Roy Davidson, 3 October 2019



Cochlear (COH) is the leading global manufacturer of cochlear implants which are used to restore hearing for patients with severe to profound sensorineural hearing loss. The company also makes bone anchored hearing aids for patients with less severe forms of hearing loss. 70% of all implanted cochlear implants have been manufactured by COH and the company’s name is synonymous with the product category, a rare feat.

What are cochlear implants?

Cochlear implants are medical devices that are used to partially restore hearing for patients with severe to profound ‘sensorineural’ hearing loss in which the inner ear is not functioning properly. This can be either congenital or acquired later in life. For severe to profound sensorineural hearing loss, hearing aids, which simply amplify sound, are a much less effective treatment option, and a cochlear implant may be required. A cochlear implant essentially converts sound into an electric signal that is transmitted directly to the inner ear (cochlea) and, in turn interpreted by the brain as sound, bypassing the part of the ear that isn’t functioning properly.

Opportunity lies in Adults and Seniors segment

COH estimates that its addressable market is less than 5% penetrated with there being more than 15 million people globally that could benefit from a cochlear implant or a bone anchored hearing aid (Baha). With the Children segment relatively mature (60% penetrated in developed markets), COH is currently targeting the Adults and Seniors segment which it estimates is less than 3% penetrated in developed markets. COH is focusing its efforts on building awareness in this channel to increase penetration. This includes direct to consumer marketing and working with the hearing aid channel to build a clear referral pathway for adult patients. COH is also working with various groups (surgeons, audiologists) in the hopes to develop a standard of care to ensure more consistent diagnosis and treatment of severe to profound hearing loss.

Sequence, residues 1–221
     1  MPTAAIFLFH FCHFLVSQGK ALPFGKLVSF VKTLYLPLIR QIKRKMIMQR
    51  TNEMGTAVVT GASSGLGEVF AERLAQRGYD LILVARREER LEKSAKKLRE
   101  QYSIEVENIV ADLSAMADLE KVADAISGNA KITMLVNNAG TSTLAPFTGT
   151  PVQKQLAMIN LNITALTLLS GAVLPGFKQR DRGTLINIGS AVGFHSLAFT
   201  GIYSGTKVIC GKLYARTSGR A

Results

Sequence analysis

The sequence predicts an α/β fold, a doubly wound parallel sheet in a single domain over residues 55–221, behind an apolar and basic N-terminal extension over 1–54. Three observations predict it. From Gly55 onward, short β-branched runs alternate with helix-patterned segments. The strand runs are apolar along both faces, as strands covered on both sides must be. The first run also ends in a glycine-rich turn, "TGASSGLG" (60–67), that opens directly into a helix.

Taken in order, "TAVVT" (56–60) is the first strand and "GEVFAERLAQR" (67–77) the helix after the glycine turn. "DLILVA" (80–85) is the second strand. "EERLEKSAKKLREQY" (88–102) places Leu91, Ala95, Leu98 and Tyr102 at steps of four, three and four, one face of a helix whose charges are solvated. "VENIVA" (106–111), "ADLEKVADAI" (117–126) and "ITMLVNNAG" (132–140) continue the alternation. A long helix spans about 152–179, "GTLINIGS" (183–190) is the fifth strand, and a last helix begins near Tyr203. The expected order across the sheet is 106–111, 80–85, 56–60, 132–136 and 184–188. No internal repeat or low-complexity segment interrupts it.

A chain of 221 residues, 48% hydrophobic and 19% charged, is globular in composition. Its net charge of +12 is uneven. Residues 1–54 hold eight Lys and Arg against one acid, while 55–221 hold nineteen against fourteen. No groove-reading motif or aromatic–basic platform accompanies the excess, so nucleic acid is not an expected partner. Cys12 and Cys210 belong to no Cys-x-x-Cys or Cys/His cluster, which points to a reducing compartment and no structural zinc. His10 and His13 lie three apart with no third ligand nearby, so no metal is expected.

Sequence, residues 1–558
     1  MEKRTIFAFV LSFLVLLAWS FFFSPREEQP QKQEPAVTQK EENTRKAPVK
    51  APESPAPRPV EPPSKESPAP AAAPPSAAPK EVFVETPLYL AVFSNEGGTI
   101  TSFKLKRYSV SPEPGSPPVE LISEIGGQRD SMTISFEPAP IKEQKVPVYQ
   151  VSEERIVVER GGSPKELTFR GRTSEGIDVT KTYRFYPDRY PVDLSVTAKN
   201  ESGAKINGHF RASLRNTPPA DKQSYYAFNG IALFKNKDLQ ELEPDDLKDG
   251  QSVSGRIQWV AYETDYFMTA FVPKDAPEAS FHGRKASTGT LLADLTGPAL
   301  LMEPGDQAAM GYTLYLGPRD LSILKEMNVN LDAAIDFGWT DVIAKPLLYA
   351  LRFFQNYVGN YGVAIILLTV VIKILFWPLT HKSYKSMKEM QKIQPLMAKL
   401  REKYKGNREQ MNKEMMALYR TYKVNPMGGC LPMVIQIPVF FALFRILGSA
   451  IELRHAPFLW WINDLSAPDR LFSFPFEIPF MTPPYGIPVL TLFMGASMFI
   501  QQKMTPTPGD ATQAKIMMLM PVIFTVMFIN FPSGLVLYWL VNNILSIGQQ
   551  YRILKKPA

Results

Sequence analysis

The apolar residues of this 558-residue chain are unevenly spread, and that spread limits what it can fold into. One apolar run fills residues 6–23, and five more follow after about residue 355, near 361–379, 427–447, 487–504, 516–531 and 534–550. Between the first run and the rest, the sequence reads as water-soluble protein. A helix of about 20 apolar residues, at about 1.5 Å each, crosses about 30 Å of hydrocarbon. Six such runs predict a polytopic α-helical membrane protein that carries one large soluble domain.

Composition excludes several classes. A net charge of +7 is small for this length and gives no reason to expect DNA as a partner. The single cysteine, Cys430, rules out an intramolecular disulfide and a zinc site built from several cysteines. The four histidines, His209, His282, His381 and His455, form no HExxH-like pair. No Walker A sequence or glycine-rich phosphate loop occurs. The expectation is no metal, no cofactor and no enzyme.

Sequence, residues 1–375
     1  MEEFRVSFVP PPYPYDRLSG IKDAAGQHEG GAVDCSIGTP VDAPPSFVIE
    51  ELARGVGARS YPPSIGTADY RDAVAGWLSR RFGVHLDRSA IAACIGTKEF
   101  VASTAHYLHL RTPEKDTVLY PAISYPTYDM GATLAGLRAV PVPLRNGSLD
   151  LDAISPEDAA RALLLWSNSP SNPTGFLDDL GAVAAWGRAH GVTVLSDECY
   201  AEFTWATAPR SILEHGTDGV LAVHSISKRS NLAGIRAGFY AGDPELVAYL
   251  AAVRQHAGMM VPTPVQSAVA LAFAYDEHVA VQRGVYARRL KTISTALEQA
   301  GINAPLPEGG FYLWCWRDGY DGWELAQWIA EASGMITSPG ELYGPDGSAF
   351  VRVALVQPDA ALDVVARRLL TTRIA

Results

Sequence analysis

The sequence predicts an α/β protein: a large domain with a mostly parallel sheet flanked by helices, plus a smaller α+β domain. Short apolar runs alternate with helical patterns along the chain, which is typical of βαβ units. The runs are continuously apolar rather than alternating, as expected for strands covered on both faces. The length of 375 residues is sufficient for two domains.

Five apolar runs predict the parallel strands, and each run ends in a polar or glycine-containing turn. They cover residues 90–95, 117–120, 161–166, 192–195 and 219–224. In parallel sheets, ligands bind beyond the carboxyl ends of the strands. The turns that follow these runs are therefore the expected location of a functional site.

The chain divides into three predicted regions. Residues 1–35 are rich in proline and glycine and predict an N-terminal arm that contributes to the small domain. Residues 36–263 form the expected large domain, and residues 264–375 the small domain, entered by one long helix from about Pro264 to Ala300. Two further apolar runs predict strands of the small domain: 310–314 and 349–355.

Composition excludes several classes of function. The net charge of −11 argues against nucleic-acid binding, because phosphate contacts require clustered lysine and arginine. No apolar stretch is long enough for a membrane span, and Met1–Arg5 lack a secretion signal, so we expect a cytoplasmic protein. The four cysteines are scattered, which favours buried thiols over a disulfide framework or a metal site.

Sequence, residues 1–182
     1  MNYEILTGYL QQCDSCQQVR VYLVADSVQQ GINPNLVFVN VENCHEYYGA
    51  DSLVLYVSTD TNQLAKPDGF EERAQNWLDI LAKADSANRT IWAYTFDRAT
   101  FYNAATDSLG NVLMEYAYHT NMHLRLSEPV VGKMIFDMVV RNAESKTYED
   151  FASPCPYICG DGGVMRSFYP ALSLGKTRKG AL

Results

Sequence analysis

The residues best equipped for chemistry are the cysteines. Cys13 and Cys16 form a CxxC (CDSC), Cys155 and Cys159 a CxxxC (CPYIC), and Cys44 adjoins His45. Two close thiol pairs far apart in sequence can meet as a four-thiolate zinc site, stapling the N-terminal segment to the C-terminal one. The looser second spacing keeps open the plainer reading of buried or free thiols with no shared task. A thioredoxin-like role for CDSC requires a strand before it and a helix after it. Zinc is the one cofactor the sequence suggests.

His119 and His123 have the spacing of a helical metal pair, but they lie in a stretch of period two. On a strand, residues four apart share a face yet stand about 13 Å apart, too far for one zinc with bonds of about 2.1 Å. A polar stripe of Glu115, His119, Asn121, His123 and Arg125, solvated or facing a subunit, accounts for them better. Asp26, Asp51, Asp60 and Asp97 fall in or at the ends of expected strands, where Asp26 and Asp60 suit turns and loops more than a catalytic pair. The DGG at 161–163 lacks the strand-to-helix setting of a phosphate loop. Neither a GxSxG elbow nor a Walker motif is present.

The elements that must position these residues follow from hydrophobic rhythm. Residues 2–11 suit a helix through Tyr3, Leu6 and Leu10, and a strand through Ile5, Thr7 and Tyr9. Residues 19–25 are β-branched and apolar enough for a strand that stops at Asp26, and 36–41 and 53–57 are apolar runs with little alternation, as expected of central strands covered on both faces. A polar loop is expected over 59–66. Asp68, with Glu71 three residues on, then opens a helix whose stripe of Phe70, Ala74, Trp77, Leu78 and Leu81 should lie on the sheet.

Sound processor upgrades drive recurring revenues

Once a patient has been implanted with a cochlear implant, the external sound processor is typically upgraded every five years when it reaches the end of its useful life or to take advantage of features available in new processors. This sound processor upgrade cycle is attractive as it creates a stream of recurring revenue for COH at a relatively high margin. Over the past five years, Services revenue has almost doubled, growing from 24% of revenue to 30%.

A high quality company, but not cheap

COH is a very high quality company, as evidenced by its track record of growth and its sector leading return on invested capital. However, it is not cheap, though this is largely explained by the company’s high returns and growth outlook.


  1. technological advancement
  2. decreased government funding
  3. increased competition